Hacks to make your meetings more effective

How to transform your meetings

Meetings are either the most effective way of unleashing creative energy, or the most frustrating, time-wasting experience ever inflicted upon someone. In fact, more than 11 million business meetings will take place in the US today—if you’re attending or conducting one of them, here’s some ideas on how to make your meetings more effective and productive.

Double preparation time and cut meeting time in half

The best way to cut meeting time is to prepare effectively. If you’re meeting to problem solve, get the problems as clearly in mind as you can, and put them in writing. When the problems are defined, work up every possible solution you can for each of them.

Always use a written agenda

An agenda is a road map that will keep your meeting on course. Distribute the agenda beforehand. The agenda should be constantly visible throughout the meeting—once attendees lose sight of the road map, they lose their way. Tailor the meeting to the agenda. Rather than listing agenda items as topics, state them as questions to stimulate thinking and creativity.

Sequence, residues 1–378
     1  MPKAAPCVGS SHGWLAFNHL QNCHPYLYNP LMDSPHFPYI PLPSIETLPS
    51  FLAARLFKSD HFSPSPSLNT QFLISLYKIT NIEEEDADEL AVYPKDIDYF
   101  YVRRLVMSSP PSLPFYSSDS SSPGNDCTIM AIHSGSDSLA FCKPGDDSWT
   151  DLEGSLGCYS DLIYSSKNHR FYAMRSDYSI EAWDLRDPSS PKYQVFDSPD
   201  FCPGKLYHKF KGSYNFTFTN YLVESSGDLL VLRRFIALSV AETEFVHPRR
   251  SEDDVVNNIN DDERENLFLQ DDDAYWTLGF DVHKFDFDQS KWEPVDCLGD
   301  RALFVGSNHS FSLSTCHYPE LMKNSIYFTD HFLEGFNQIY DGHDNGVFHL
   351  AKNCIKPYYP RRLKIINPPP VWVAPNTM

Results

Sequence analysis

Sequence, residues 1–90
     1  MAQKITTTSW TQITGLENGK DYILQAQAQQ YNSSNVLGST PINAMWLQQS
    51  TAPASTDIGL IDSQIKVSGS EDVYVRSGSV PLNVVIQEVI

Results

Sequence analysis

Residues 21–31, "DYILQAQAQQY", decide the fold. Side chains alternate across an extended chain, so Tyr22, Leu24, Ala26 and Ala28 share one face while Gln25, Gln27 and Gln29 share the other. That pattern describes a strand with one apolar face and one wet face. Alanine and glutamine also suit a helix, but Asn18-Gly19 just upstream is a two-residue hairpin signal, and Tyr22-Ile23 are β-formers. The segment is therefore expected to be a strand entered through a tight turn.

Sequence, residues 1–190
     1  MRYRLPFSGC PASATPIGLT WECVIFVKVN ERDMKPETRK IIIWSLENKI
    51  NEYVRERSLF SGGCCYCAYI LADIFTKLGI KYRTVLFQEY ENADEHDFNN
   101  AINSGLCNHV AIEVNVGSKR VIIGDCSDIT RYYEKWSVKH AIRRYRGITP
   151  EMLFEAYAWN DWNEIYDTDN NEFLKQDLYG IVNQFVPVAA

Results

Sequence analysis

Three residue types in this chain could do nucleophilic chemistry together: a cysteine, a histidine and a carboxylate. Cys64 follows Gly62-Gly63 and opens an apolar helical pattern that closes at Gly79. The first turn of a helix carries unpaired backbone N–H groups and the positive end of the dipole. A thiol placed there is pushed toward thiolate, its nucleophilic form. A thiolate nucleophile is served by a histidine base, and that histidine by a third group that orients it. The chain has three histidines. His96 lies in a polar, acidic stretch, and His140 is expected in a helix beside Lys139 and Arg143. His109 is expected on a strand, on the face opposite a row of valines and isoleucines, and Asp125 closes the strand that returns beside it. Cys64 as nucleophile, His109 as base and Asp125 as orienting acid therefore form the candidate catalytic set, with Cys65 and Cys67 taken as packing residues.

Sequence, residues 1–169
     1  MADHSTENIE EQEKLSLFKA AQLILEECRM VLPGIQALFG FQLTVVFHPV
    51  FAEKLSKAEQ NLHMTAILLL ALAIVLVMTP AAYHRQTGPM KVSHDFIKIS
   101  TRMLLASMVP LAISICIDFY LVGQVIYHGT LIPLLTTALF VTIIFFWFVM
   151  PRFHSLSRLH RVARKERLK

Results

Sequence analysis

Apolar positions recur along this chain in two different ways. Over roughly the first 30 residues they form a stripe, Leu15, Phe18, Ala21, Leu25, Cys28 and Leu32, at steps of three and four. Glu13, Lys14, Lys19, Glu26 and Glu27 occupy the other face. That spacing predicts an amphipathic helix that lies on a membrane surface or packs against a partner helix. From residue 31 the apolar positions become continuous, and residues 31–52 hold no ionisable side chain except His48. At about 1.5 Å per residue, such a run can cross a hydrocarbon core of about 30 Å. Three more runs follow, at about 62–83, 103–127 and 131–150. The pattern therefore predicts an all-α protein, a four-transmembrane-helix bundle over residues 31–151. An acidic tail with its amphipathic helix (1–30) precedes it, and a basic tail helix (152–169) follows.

Meetings are at the heart of an effective organization; when done right, each meeting is an opportunity to clarify issues, set new directions, sharpen focus, create alignment, and move objectives forward.

Commit to starting and ending times

Hold to them, or let out early. Don’t reward latecomer and punish the prompt.

Relentlessly focus on outcomes

Every meeting should drive toward a tangible result. End the meeting as soon as you’ve got the outcome you came for.

Only the people who need to be there should attend

In addition to preparing an agenda, write down the names of those who should be in attendance for each agenda item.

Close the lid

Ask that everyone close their laptops and put away phones. Shutting down devices lets our brains open up.

Try holding standing up meetings

It’s healthier, and keeps attendees in focus. Stand up meetings aren’t just of agile software times anymore, brief stand up meetings are becoming the standard at most companies.

How do you cut meeting time when you’re not in charge and leaving might be awkward? Here are some ideas on how to deal with this situation.

Ask this question

“Is there any further contribution I can make to this meeting?” This puts the meeting leader on the spot gracefully. If there’s nothing else, you can leave; if there is, you should stay.

Choose where you sit

Sit at the back of the room or closest to the exit and slip out when the meeting is no longer productive for you.

Use discretion and give the “I” message

In a private setting, tell your boss: “I’m attending meetings I think I don’t need to attend. I’m losing a good deal of time in these meetings when I could be producing more significant results for you. I’d feel greatly relieved if we could get this matter resolved.”